A túlélés kockázata. A megyerendszer közigazgatási és hatalompolitikai szerepének összefüggése Magyarhonban

  • Tamás Horváth M. Államigazgatási Szervezési Intézet, Budapest


The middle levels of administration have their own natural history. In Unitarian states it is particularly difficult to define the justification of the spatial system or spatial breakdown above the local level. Nevertheless, it remains a question to be answered in a research into either the present impacts of historical borders or the relevance of more and more recent regional connections.

The system of counties is a particularly petrified one in Hungary. It grew out of its own role consecutively in the time of feudalism, capitalism and also later, following World War II. Thereby it was successively becoming the means of central policies which, in turn, wanted to restrict local governmental independence, or to put it out of action.

In the time of historically dragging Hungarian feudalism the county also served as organizational frameworks for the smaller nobility (below baron's rank and above the commoner). As, in lack of developed bourgeoisie, this stratum headed the bourgeois transformation during the first half of the 19th century, the prominent role of the county system remained intact. Albeit the feudal determinants of public administration disappeared by the 1870s, the system of counties preserved its privileges which later proved to be irremovable.

The county administration became the major basis of the gentry which lost its fortune but wanted to preserve the prestige. The preservation of privileges also favoured the weak Hungarian bourgeoisie not accustomed to free competition. Since an important part of bourgeois selfgovernmental functions was concentrated at the level of counties, spontaneous relationships among settlements and their societies could not develop in an organic way.

The so-called socialist development has preserved these frameworks during the post-war period. The communist party neither dared nor intended to mobilize the forces inherent in the countryside. At the same time, maintaining the county system was looked upon as a means to reach a completely new goal, namely: county institutions were buílt up to serve as an element of unlimited centralization.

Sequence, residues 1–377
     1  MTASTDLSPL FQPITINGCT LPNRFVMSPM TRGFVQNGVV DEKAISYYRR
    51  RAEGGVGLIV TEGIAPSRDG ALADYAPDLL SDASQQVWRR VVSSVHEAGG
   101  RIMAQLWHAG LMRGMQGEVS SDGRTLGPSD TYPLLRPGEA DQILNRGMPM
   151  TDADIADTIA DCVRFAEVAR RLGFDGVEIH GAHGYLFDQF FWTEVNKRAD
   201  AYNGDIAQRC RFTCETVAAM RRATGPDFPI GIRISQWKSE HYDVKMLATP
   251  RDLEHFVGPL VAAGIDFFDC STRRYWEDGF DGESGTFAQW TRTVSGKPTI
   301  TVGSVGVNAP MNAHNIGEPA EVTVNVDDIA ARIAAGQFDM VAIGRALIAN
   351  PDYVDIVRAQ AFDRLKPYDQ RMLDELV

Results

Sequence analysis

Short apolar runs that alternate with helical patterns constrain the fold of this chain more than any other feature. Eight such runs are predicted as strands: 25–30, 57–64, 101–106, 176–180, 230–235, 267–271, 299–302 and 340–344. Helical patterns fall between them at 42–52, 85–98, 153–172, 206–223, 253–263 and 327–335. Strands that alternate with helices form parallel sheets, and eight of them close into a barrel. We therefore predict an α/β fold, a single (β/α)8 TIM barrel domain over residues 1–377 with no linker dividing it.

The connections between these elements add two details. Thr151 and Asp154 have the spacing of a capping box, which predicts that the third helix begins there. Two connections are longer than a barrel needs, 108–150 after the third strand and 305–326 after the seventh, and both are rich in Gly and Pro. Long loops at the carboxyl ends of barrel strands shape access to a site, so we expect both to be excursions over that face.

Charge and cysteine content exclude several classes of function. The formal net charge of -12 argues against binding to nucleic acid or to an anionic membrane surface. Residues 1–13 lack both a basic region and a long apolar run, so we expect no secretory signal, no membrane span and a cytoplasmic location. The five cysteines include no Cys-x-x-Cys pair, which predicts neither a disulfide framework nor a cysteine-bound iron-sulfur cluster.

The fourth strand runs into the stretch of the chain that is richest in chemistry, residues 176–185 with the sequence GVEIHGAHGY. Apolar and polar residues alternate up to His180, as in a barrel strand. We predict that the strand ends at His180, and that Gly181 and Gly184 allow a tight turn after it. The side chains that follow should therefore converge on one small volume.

From the 1960s onwards, a somewhat less centralized model of administration evolved in Hungary which built upon counties as self-reliant political sub-centres. By the 1970s, while self-government was repeatedly insisted upon, veritable petty 'monarchies' have developed headed by county party chiefs.

Thus in Hungary, for historical reasons, the system of counties has always been the means of centralization. It kept producing hierarchical positions which could not be controlled by the local population.

For this reason, the Hungarian county system is to be abolished in the future. This radical step is justified because if only its functions were reduced, the non-hierarchical county of the Western type could never develop. The deeply rooted monolith official-political mechanism of counties would outlive its time despite all positive political changes in Hungary.

How is this radical step possible?

First a wide range of county functions is to be abolished, partly because many among them have become unnecessary as state functions. Some of the remaining ones could be provided by local governments, either themselves or via their associations.

At present, Hungarian counties are characterized by the accumulation of state power functions. In order to stop this, administrative courts are to be set up.

In this way judgements on appeals in public proceedings and the protection of self-governmental rights would get out of the sphere of administration. Instead of the present official-principal control, control over local governments, on legal grounds, should be exercised by an independent public prosecutor who is out of the official hierarchy. Middle-level services (secondary school, hospital, home for the elderly) are to be organized by a complex spatial association for the maintenance pf institutions, (tank force). The remaining, purely administrative, functions should be provided by decentralized state organs. In this way the county is to become a mere spatial unit of state administration which defines an area of official jurisdiction.

Spatial links among settlements–regiorwlization–should develop spontaneously, only the means are to be ascertained: independent management of local governments and a wide variety of their associations are needed as institutional preconditions. M for the central government, it should pursue regional policy in an indirect way, with the help of a non-hierarchical system of means. In a small country like Hungary such a policy does not require hierarchical subcentres.

Szerzői adatok

Tamás Horváth M., Államigazgatási Szervezési Intézet, Budapest

tudományos munkatárs

Hogyan idézzem?
Horváth M., T. (1989) „A túlélés kockázata. A megyerendszer közigazgatási és hatalompolitikai szerepének összefüggése Magyarhonba”n, Tér és Társadalom, 3(4), o. 63-80. doi: 10.17649/TET.3.4.151.
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